Melissa Conrad Stöppler, MD, is a U.S. board-certified Anatomic Pathologist with subspecialty training in the fields of Experimental and Molecular Pathology. Dr. Stöppler's educational background includes a BA with Highest Distinction from the University of Virginia and an MD from the University of North Carolina. She completed residency training in Anatomic Pathology at Georgetown University followed by subspecialty fellowship training in molecular diagnostics and experimental pathology.
Hi Jacqueline — We are so sorry to hear about this. You can find a doctor here: https://paindoctor.com/get-relief-now/, or if there’s not one in your area in that directory, figure out how to find the best one in your area by using the suggestions in this list. Further, one of the worst parts about chronic pain is not having anyone around who truly understands what you face on a day-to-day basis. We highly recommend finding a local or online support group so you can talk to other patients who understand what a life with chronic pain is like. You can find online ones here: https://paindoctor.com/chronic-pain-support-groups.

Dr. Grotzinger completed his pre-med at Drake university in Des Moines with a 4.0 GPA in 1976. He graduated from Palmer Chiropractic, Magna Cum Laude in 1981 having worked nights and fathering three children in the process. Since then he has worked both in solo practice and a number of multi-doctor clinics, gaining a wide variety of experience and proficiency. He prides himself on being an effective chiropractor who has balanced the ways of the old time chiropractors with today's emphasis on patient comfort.


Early chiropractors believed that all disease was caused by interruptions in the flow of innate intelligence, a vitalistic nervous energy or life force that represented God's presence in man; chiropractic leaders often invoked religious imagery and moral traditions.[23] D.D. Palmer said he "received chiropractic from the other world".[24] D.D. and B.J. both seriously considered declaring chiropractic a religion, which might have provided legal protection under the U.S. constitution, but decided against it partly to avoid confusion with Christian Science.[23][216] Early chiropractors also tapped into the Populist movement, emphasizing craft, hard work, competition, and advertisement, aligning themselves with the common man against intellectuals and trusts, among which they included the American Medical Association (AMA).[23]
Sharp neck pain is not in itself a red flag. Believe it or not there is no common worrisome cause of neck pain that is indicated by a sharp quality. In fact, oddly, sharp pains are actually a bit reassuring, despite how they feel. In isolation — with no other obvious problem — they usually indicate that you just have a temporary, minor source of irritation in the cervical spine. Serious causes of neck pain like infections, tumours, and spinal cord problems tend grind you down with throbbing pains, not “stab” you.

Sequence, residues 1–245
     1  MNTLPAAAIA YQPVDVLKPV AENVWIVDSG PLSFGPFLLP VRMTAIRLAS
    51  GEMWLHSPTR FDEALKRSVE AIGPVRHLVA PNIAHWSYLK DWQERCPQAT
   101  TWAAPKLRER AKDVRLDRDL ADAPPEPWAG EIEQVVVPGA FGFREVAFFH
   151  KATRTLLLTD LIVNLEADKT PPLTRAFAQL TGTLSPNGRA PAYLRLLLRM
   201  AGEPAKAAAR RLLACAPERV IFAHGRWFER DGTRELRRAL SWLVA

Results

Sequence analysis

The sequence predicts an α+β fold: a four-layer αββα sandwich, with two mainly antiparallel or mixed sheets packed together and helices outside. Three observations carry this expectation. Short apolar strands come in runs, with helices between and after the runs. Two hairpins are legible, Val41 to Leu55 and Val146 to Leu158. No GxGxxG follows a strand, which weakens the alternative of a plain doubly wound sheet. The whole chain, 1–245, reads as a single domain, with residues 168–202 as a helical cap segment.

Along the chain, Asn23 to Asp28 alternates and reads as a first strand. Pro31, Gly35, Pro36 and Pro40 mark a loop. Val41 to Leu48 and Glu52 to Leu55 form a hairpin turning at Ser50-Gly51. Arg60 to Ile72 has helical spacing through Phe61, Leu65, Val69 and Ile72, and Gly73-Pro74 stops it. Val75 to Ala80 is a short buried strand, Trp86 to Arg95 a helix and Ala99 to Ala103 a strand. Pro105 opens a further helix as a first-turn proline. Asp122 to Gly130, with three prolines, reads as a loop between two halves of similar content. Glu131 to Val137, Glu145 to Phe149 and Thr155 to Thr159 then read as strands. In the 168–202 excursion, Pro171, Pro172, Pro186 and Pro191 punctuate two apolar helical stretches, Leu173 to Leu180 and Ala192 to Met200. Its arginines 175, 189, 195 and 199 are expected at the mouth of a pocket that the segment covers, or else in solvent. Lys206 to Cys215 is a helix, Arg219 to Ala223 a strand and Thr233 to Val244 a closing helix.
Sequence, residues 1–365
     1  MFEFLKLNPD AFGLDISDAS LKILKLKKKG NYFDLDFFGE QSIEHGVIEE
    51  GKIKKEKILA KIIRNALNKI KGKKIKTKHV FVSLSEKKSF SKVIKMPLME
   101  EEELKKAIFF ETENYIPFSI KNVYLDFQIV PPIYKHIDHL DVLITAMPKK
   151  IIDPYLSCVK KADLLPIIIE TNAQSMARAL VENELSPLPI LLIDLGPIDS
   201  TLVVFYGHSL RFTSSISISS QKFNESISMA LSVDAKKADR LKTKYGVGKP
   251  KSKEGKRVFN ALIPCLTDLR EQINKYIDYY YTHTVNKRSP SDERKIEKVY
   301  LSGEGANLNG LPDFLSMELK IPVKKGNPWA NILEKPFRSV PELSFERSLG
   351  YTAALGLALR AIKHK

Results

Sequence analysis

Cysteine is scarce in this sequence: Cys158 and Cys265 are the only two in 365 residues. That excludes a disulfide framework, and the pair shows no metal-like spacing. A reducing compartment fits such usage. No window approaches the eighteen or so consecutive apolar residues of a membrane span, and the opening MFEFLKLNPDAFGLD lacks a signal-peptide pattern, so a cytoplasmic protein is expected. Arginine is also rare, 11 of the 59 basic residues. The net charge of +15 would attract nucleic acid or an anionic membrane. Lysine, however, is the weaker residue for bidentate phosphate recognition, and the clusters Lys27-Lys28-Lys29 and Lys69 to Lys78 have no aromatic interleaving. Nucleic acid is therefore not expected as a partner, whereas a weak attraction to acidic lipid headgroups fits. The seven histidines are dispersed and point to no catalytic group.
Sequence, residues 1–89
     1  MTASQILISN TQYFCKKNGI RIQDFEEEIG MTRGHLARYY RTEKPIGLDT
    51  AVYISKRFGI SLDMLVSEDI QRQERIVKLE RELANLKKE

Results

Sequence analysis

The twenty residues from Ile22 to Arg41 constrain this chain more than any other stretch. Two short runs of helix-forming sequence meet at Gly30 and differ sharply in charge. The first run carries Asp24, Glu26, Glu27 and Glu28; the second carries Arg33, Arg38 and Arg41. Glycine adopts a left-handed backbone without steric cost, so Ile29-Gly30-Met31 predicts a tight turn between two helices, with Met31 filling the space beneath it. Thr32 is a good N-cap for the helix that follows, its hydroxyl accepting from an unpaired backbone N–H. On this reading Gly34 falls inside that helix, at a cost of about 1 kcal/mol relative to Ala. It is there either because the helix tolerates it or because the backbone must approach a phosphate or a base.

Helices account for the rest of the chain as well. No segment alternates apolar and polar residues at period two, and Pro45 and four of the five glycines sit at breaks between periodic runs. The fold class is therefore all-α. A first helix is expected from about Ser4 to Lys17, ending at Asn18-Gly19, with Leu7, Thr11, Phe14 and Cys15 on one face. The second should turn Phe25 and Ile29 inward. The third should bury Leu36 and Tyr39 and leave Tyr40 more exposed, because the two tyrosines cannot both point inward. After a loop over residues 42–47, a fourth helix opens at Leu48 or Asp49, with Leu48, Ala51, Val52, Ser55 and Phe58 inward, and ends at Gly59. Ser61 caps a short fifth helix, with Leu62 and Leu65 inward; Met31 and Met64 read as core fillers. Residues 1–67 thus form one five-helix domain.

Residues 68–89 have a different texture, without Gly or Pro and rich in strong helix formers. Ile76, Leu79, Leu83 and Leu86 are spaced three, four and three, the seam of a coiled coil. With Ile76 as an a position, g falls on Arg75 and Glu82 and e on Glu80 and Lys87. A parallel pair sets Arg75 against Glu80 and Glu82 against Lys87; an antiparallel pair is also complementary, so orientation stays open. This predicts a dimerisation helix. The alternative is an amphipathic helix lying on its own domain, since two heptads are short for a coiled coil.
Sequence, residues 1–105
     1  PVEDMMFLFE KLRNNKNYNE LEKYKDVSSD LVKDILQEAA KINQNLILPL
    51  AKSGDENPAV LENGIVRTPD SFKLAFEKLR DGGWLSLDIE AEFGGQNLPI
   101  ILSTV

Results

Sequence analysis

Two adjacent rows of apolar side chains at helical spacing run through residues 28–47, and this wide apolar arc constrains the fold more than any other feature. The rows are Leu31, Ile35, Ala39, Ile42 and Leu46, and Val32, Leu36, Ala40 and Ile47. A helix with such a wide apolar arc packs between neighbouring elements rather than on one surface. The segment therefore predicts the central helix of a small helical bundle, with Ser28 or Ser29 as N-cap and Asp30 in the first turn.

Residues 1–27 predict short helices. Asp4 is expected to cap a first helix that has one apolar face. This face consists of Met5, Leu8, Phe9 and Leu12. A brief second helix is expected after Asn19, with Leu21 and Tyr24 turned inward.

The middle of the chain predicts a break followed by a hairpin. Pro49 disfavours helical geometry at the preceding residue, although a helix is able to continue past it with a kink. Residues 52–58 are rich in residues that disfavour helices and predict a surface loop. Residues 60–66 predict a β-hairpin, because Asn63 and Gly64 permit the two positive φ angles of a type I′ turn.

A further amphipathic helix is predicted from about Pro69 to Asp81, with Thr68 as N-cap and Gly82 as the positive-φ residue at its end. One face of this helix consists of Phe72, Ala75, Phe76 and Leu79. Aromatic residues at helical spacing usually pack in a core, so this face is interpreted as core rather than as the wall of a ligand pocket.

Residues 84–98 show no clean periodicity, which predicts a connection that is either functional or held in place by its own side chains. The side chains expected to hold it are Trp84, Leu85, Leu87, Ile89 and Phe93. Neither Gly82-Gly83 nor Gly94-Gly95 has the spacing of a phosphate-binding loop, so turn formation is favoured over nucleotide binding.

Numerous controlled clinical studies of treatments used by chiropractors have been conducted, with conflicting results.[4] Systematic reviews of this research have not found evidence that chiropractic manipulation is effective, with the possible exception of treatment for back pain.[4] A critical evaluation found that collectively, spinal manipulation was ineffective at treating any condition.[10] Spinal manipulation may be cost-effective for sub-acute or chronic low back pain but the results for acute low back pain were insufficient.[11] The efficacy and cost-effectiveness of maintenance chiropractic care are unknown.[12] There is not sufficient data to establish the safety of chiropractic manipulations.[13] It is frequently associated with mild to moderate adverse effects, with serious or fatal complications in rare cases.[14] There is controversy regarding the degree of risk of vertebral artery dissection, which can lead to stroke and death, from cervical manipulation.[15] Several deaths have been associated with this technique[14] and it has been suggested that the relationship is causative,[16][17] a claim which is disputed by many chiropractors.[17]

A large number of chiropractors fear that if they do not separate themselves from the traditional vitalistic concept of innate intelligence, chiropractic will continue to be seen as a fringe profession.[22] A variant of chiropractic called naprapathy originated in Chicago in the early twentieth century.[35][36] It holds that manual manipulation of soft tissue can reduce "interference" in the body and thus improve health.[36]


I finally met the chiropractor! We started out by talking a little about the reason for my visit, and what my goals were. Next, he performed a Selective Functional Movement Assessment, which basically helps the chiropractor find the root and cause of any symptoms—they do this by breaking down dysfunctional patterns logically rather than simply finding the obvious source of the pain.
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